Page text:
Increasingly integrated into various fields of industries as rapid prototyping, rapid tooling and rapid manufacturing applications, since first commercialized in 1987, are layer-wise additive manufacturing (AM) techniques. Among those, end-use AM applications are particularly challenged, however, by economic and technological obstacles including slow production speeds, high material cost, insufficient part quality repeatability and (bio)material unavailability. This thesis aims at both exploring the economic and technological current state of AM end-use components, and providing incremental development steps in design, material, and decision-making.To assess the current state of end-use AM, a computer-driven decision support system (DSS) for rapid economic assessments of uploaded components supported by a case study is developed and an industry-related survey is conducted to match the demands for AM with the existing capabilities of AM. The current situation can be further improved by introducing new incremental developments concerning experimental material development, AM process-configurations, (re)design, and component classifica-tion based on case studies. These enhancements aim at developing new biocomposite materials for AM, implementing the axiomatic design meth-odology to design for AM (DfAM), and classifying end-use AM components according to the level of DfAM. The final version of the DSS provides rapid online quotations of uploaded digitized components to obtain insights into costs and production times for varying machine, material, and distribution scenarios (conventional manufacturing versus AM, make-or-buy decisions). In this context, the tool was used to demonstrate the trade-off between feature-resolution and production speed on cost, which constitutes the importance of production speeds as a cost-driver in AM part production. However, further increases alone have no significant cost-saving potential for the already existing high-end metal powder bed fusion machines considering high production throughput scenarios. Thus, expenses on materials need lowering to increase cost efficiency. The underlying technological state of end-use AM components involved comparing size-, material-, and surface roughness demands with best-in-class and locally installed AM system capabilities. The incremental developments imply that traditional design methodologies are applicable for AM and can potentially assist designers in DfAM. Components designed for the use of AM techniques can be logically classified according to their level of DfAM exploitation. Furthermore, the newly developed biocomposite material and its inherent process variations lead to new opportunities in environmental sustainability and design freedom, opening up new possibilities for AM part production.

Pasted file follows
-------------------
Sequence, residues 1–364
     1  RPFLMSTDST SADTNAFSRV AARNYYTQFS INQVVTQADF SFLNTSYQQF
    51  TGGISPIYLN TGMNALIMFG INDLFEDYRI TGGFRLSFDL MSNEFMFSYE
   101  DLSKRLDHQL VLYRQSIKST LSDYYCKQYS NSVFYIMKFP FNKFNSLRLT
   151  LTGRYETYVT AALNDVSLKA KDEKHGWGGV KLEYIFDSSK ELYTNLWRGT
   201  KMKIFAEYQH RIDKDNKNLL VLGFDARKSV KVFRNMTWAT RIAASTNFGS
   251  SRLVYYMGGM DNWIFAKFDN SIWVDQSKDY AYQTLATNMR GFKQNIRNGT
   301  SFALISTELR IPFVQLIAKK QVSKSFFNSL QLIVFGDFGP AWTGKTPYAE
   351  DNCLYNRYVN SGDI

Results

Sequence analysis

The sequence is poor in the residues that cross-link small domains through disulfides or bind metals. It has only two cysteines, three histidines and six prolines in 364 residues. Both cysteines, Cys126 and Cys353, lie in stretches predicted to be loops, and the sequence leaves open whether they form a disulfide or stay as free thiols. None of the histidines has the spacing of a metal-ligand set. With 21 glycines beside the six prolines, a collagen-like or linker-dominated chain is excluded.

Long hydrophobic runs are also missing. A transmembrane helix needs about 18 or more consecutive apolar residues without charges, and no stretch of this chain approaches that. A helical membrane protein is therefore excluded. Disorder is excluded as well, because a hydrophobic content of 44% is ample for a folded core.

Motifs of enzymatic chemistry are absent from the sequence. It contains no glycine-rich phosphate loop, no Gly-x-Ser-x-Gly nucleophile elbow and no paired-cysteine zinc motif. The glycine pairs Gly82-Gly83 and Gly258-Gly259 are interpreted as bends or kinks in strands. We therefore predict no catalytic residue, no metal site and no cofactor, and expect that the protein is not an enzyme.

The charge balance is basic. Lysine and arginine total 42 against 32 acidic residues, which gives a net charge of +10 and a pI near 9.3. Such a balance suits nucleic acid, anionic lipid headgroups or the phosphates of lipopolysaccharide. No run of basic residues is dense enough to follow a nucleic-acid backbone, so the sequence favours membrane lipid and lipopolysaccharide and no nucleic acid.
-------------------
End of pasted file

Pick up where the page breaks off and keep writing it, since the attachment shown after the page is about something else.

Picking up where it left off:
|Publication status||Published - 2020|
|MoE publication type||G5 Doctoral dissertation (article)|
- additive manufacturing
- digital workflow
- part assessment
- material testing